1. Register NOW and become part of this fantastic knowledge base forum! This message will go away once you have registered.

keyboard player wanting to record

Discussion in 'Recording' started by angmack, Dec 15, 2005.

  1. angmack

    angmack Guest

    I am a keyboard player wanting to record songs with greater bass.

    I recorded one album by sequencing 16 tracks in a Korg keyboard. I took it to a recording studio and he recorded my mix with vocals. The recording lacks depth.

    You can listen here: http://www.creativeconnectionarts.com
    Album: Comfort My People

    Then, I recorded another instrumental album with a Yamaha keyboard directly into a recording device on the keyboard. It, too, sounds very "thin" and lacks depth of tones and bass.

    You can listen here: http://www.creativeconnectionarts.com
    Album: Momemtum

    I have about $600 to buy recording equipment. I am looking at an 8 track digital recorder. I am thinking about getting a TASCAMDP01fxcd

    If I do, would it give my keyboards a nice rich sound? Also, what sort of other gear would I absolutely need?

    Are there any keyboard players out there that have a favorite digital 8 track recorder?

  2. Calgary

    Calgary Active Member

    Nov 25, 2005
    Hi. Well typically most keyboardists record their key tracks into a sequencer and then render to audio at mix time. But if you like to record directly to audio, that can work too. As for the nice rich enhanced sound, that's generally a product of the gear which comes between your keyboard and recorder rather than the recorder itself. But anyhow for keyboard it really depends on what you're doing. For example if you want a really rich grand piano sound your best bet is to play into a PC hosting any of the popular VSTis in the genre such as Akoustik Piano, Bardstown 24 bit Bosendorfer, etc. For strings a lot of people like Garritan Orchestra, for Hammond they use NI b4, for Rhodes-- Elektrik Piano. And so forth, and that's not even covering synths yet. So there's no single setup which works well for everything but basically the gist is that when you use a sampler you can leverage the "richness" of the professionally captured sounds rather than trying to create them from scratch in your environment, which is probably going to be much more effective/feasible.

    You mentioned bass? Trilogy bass by Spectrasonics is the best overall keyboard bass module I've ever heard, bar none. Listen to the samples:

    Anyhow my best advice is to take the plunge with PC recording as soon as you can, for a keyboard player that's the real Disneyland. Standalone recorders can do quite well also but they tend to be much more limited. Being on a PC allows you to take advantage of all the free stuff on the net (tons) as well as all the new stuff, etc...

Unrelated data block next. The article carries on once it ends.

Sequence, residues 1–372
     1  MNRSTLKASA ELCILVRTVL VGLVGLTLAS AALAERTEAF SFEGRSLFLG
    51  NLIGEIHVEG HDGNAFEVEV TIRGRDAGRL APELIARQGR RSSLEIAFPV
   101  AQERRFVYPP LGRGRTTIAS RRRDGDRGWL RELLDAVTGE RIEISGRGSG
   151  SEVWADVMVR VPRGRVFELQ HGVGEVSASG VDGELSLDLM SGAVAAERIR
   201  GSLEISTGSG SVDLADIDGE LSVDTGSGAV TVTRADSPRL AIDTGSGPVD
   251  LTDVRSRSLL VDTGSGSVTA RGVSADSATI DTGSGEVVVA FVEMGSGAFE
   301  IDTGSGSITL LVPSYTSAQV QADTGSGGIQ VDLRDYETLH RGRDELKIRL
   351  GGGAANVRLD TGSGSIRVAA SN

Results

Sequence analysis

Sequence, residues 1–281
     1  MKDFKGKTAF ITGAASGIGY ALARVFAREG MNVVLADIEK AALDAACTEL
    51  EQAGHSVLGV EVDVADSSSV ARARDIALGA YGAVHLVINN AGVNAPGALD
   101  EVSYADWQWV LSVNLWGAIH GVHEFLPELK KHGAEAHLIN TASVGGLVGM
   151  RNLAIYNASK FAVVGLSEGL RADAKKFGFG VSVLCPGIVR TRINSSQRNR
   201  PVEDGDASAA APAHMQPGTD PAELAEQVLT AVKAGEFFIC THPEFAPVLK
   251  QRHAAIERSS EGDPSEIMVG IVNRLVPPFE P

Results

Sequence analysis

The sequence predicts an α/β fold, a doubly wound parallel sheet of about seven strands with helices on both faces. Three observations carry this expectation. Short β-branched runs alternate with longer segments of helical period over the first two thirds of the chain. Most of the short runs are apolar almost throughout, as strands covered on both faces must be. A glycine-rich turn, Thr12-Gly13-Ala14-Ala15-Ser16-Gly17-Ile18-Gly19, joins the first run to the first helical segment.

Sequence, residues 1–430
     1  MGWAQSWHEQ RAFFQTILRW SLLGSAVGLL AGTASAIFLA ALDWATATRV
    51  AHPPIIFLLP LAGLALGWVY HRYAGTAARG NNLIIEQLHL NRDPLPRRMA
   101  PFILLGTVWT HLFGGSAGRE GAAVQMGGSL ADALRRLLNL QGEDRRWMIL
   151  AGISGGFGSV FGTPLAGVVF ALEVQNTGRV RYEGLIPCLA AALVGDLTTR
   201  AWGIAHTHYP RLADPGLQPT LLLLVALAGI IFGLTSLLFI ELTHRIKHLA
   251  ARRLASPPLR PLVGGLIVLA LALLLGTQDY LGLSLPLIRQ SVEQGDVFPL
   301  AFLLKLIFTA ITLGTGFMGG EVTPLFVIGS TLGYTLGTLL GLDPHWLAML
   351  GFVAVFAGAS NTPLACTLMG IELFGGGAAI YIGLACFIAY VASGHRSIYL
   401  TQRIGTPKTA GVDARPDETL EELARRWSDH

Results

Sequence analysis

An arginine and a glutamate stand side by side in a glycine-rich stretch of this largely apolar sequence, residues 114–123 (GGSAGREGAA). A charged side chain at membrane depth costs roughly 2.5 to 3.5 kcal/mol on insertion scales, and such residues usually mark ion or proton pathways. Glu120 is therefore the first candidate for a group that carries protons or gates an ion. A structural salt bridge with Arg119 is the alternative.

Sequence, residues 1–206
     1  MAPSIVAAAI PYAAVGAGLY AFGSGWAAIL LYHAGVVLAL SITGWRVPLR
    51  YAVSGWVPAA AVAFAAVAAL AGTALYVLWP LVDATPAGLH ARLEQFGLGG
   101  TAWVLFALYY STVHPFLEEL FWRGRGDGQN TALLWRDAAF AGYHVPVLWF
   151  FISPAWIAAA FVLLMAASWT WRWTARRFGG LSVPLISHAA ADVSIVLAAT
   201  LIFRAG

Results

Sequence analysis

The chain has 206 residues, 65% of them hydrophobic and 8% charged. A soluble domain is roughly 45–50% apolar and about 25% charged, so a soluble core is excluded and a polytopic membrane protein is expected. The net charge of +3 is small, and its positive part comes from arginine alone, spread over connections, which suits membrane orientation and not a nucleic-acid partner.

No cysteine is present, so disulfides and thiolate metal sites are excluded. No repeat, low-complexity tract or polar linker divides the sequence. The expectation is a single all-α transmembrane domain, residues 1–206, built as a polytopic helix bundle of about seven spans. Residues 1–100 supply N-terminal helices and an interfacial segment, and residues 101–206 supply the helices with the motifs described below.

Anyhow I hope that helps. :cool:
  3. UncleBob58

    UncleBob58 Active Member

    Apr 9, 2003
    Fairfield County, CT
    Home Page:
    Since you didn't go into any details about how you tracked the music from your keyboard it's a little tough to give advice. However, here goes:

    Calgary gave you some good advice. Don't just run the entire sequence out of the stereo outs. Track each instrument separately. There are many inexpensive and even a few decent free DAWs out there for Mac and PC. This allows greater control of FX, EQ, panning, automation, etc.

    Korg tends to be "thin" to my ears. Try some other sound modules or soft synths for more variety in your sound pallatte.

    Don't over quantize; you'll crush the life out of your tracks.

    Good luck and have fun.
  4. Davedog

    Davedog Distinguished Member

    Dec 10, 2001
    Pacific NW
    A former partner of mine worked a midi-based room primarily driven by Korg products. 'Thin' was never an issue. Though we did sequence many key parts, we always went with separate outs to the recorder. And this was through a console. I could list the gear but here I feel its unimportant as the point is to get all the pieces of the arrangement onto separate tracks. Its here in a mix, they can be manipulated to a deeper and more complete sound than what the left/right outputs of the stereo sequencer can provide.
  5. Calgary

    Calgary Active Member

    Nov 25, 2005
    I agree, Korgs are not necessarily thin sounding. Here's a scratch piano track I played live from an 01W/FD through the direct outs using the stock piano patch. The recording itself is atrocious, I was just basically scrambling to get some ideas while writing tunes, but the main thing is that you can hear the Korg 01W at least is definitely not suffering from thinness. :)

Share This Page